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Article citations


Fishman, S.L., Murray, J.M., Eng, F.J., Walewski, J.L., Morgello, S. and Branch, A.D. (2008) Molecular and Bioinformatic Evidence of Hepatitis C Virus Evolution in Brain. The Journal of Infectious Diseases, 197, 597-607.

has been cited by the following article:

  • TITLE: Dysexecutive Performance of Elderly Patients with Chronic Hepatitis C Virus Infection

    AUTHORS: Tomader Taha Abdel Rahman, Marwa Abdel Azeem Abdel Guaad, Ahmad Kamel Mortagy

    KEYWORDS: Elderly, Executive Functions, HCV

    JOURNAL NAME: Advances in Aging Research, Vol.3 No.4, August 29, 2014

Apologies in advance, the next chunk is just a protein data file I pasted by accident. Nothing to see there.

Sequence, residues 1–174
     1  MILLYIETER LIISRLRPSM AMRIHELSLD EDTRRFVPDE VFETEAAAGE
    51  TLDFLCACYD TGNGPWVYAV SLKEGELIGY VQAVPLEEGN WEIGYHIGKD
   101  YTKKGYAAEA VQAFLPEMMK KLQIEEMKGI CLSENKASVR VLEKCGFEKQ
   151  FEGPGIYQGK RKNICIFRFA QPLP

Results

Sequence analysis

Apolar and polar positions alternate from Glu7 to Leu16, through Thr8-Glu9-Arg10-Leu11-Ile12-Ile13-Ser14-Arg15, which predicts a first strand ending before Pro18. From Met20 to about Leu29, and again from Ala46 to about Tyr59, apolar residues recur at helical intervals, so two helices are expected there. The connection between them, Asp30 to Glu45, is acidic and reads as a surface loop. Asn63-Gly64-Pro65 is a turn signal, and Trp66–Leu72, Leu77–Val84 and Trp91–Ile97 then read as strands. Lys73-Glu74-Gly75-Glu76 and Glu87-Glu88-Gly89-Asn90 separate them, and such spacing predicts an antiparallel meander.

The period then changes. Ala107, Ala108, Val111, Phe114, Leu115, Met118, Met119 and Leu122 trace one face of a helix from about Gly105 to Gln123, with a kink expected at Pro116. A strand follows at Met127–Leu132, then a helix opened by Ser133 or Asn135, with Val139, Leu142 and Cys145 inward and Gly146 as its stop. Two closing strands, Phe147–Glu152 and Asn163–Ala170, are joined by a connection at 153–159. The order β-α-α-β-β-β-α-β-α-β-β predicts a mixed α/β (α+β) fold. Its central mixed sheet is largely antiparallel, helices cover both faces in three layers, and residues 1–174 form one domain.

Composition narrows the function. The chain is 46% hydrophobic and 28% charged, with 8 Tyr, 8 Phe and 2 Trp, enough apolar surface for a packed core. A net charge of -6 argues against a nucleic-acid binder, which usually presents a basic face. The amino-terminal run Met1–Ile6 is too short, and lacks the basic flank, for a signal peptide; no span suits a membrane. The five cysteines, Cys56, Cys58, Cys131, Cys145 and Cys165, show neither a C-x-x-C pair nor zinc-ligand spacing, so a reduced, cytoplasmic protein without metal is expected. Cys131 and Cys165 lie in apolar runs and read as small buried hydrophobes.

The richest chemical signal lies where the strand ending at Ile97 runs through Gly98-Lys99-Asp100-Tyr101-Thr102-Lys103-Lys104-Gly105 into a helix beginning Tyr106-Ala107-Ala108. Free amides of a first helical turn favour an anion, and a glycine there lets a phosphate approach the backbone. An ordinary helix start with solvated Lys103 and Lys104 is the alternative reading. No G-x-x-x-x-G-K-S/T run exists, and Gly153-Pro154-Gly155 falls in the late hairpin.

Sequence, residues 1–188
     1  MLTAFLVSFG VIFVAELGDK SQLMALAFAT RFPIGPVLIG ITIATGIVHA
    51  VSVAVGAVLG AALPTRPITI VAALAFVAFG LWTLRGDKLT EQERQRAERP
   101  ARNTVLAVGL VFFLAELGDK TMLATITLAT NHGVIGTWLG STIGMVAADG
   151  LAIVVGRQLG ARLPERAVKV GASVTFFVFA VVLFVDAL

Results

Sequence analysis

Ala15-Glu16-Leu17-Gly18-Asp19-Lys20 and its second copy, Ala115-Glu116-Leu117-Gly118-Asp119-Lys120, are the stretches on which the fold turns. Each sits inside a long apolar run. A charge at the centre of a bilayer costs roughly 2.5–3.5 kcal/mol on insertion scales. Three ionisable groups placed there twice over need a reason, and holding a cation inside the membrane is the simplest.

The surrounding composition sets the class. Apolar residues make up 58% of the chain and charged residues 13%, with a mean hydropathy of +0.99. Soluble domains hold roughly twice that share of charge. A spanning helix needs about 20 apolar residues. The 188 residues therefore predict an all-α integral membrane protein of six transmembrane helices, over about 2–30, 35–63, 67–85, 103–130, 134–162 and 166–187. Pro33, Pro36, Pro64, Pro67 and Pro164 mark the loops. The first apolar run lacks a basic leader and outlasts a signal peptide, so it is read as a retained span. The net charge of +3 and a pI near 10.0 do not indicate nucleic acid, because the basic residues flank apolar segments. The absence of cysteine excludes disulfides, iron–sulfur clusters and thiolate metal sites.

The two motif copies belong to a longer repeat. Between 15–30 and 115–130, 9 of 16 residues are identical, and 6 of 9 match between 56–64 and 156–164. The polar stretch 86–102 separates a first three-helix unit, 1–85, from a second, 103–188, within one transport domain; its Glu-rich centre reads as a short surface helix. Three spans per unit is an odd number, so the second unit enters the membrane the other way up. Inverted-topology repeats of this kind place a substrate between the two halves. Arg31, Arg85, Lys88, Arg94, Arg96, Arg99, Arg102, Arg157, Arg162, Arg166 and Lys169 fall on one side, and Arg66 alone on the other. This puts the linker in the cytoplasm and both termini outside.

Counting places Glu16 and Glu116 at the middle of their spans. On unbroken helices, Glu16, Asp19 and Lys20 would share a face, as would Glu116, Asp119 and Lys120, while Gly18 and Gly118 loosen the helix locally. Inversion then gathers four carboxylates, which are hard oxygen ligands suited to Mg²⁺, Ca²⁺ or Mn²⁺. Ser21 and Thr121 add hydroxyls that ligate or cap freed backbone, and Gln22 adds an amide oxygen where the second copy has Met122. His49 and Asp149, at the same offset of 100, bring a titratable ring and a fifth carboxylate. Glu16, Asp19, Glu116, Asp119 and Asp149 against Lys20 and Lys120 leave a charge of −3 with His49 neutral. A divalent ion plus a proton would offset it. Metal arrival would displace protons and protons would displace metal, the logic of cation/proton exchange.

ABSTRACT: Chronic infection with hepatitis C virus (HCV) is one of the most important causes of chronic liver disease, which can progress to cirrhosis and hepatocellular carcinoma (HCC). It is well established that advanced forms of the disease are accompanied by overt and global cognitive deficits (hepatic encephalopathy) but now there is a growing evidence that the alterations in cerebral function in patients with chronic HCV infection may appear long before the development of severe liver cirrhosis, it has been hypothesized that it is related to a direct effect of HCV on the brain; or the neurotoxic effect of HCV-related systemic inflammation. The purpose of the study was to assess the possible existence of executive dysfunction in chronic HCV infected patients. One hundred elderly patients aged 60 years and above agreed to participate in this study; 50 patients were HCV positive (cases) and 50 patients were HCV negative (controls). All participants were subjected to the following: diagnosis of HCV by detection of HCV antibodies using ELISA technique, non-invasive assessment of liver condition, and evaluation of executive functions using 5 neuropsychological tests. The study showed that there was a significant difference between cases and controls regarding 2 executive function tests related to the phonological loop component of working memory among HCV positive patients. The study concluded that chronic HCV infection is accompanied by dysexecutive performance.